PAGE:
After stepping down in 2016, Dettelbach returned to BakerHostetler, the law firm where he had been a partner before serving as U.S. attorney.

Dettelbach’s nomination received support from a range of groups, including Giffords, the gun-control group led by former congresswoman Gabrielle Giffords; the U.S. Conference of Mayors, which said he “understands the importance of federal and state law enforcement’s collaborative efforts to combat and prevent violent crimes”; and organizations representing police chiefs and federal law enforcement officials.

The National Rifle Association, in contrast, called Dettelbach “anti-gun.” After he was nominated, the National Sports Shooting Foundation, the firearms industry’s trade group, said it had “significant concerns” about some of his previous statements, including those supporting universal background checks.

A group of more than a dozen Republican state attorneys general wrote to senators urging them to reject his nomination, saying that “it appears he would likely continue or even accelerate ATF’s attempts to restrict Americans’ rights and erode constitutional restraints on federal power.”

One key challenge for any new ATF leader is getting up to speed on all of the regulatory processes the agency has to oversee, said Michael Bouchard, a former assistant director of the bureau.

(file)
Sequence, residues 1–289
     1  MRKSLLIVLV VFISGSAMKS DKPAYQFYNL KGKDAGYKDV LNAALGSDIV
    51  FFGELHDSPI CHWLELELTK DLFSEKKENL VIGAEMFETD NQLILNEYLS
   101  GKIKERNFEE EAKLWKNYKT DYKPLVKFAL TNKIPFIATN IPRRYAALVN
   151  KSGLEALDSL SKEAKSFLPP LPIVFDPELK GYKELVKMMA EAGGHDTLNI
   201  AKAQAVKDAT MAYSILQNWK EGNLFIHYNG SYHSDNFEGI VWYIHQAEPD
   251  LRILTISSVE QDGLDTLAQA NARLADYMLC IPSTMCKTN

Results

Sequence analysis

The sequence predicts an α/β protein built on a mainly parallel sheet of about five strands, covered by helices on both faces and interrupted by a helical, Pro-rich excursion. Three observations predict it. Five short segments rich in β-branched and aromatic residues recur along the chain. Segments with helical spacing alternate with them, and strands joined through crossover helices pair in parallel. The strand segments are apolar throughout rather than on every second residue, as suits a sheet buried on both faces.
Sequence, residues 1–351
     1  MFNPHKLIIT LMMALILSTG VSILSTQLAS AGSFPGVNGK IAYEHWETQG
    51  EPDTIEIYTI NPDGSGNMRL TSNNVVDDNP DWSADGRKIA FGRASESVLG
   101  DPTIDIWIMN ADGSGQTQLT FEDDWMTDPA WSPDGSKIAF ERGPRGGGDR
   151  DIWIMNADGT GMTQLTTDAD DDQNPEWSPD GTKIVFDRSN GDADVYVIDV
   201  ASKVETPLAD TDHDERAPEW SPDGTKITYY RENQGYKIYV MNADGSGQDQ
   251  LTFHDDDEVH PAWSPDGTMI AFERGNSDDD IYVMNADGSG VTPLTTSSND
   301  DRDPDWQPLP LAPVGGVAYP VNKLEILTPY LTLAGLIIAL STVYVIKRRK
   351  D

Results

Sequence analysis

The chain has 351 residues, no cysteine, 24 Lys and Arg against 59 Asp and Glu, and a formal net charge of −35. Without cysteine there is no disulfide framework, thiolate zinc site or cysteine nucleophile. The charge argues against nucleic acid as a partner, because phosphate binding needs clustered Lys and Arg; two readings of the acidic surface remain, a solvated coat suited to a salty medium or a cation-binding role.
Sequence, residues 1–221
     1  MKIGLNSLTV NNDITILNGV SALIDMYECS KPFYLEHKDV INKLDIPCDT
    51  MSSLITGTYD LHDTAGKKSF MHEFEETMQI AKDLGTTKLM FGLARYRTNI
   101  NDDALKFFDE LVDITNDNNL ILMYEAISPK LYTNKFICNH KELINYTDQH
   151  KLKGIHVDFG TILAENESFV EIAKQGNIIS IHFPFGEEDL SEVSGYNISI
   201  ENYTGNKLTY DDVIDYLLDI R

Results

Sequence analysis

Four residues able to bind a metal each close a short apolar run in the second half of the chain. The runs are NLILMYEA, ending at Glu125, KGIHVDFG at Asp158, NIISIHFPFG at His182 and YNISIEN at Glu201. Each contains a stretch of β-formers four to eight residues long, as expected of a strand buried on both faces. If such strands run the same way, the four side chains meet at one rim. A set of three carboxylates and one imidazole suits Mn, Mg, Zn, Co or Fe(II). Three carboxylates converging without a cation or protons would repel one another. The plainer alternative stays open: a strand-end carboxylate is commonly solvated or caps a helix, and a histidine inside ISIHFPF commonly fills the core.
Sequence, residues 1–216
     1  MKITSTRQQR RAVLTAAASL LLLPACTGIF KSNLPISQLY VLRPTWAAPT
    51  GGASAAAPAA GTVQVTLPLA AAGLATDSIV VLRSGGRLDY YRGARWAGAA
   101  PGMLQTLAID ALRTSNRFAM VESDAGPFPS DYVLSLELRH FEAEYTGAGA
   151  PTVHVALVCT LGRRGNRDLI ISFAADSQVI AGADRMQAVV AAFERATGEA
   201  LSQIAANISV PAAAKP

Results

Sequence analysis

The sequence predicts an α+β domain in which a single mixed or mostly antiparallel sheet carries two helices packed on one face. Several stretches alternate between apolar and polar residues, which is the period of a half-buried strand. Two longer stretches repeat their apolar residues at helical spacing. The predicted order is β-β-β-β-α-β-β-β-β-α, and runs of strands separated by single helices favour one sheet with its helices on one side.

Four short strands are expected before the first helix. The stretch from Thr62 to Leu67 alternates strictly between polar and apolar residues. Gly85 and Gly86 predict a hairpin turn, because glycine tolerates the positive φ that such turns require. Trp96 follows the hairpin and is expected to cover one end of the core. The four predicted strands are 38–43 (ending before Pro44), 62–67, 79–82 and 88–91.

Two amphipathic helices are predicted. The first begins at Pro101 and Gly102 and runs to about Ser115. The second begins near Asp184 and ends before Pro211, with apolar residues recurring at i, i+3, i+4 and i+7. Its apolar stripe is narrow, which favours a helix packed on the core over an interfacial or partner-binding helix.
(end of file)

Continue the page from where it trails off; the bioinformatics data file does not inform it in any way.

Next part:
The ATF plays a pivotal role in helping local and state law enforcement officials, Bouchard said, bringing “specific types of expertise that aren’t matched by any other federal agency.” A confirmed director chosen by the president, Bouchard noted, will automatically have a prominent seat at the table.

“The ATF will get more resources if they have somebody who can talk to the White House,” Bouchard said. “It’s their person. They’re going to trust what this person is saying.”

Biden’s previous nominee, David Chipman, spent decades with ATF before going to the Giffords advocacy group.

The White House pulled his nomination last fall during opposition from Republicans and some Democrats in the Senate — and from the NRA, which said it spent millions to oppose Chipman and called him “a grave threat to the Second Amendment,” saying he spent a decade “working for gun control groups and lobbying on Capitol Hill to restrict Americans’ rights.”

The recent spate of high-profile mass shootings sparked momentum on Capitol Hill to pass modest gun-control legislation despite NRA opposition.

Biden hailed Dettelbach’s confirmation and said Dettelbach “will play a leading role in ensuring robust implementation” of the widest-ranging gun violence bill Congress has passed in decades and other action to drive down violent crime.

“We have so much more to do,” Biden said in a statement. “I will continue to call on Congress to build on this momentum and ban assault weapons, expand background checks, and pass safe storage laws.”

Biden called Dettelbach an “extraordinarily qualified and decorated career prosecutor with strong support across the law enforcement community.”

Information for this article was contributed by Mark Berman of The Washington Post and by Michael Balsamo of The Associated Press.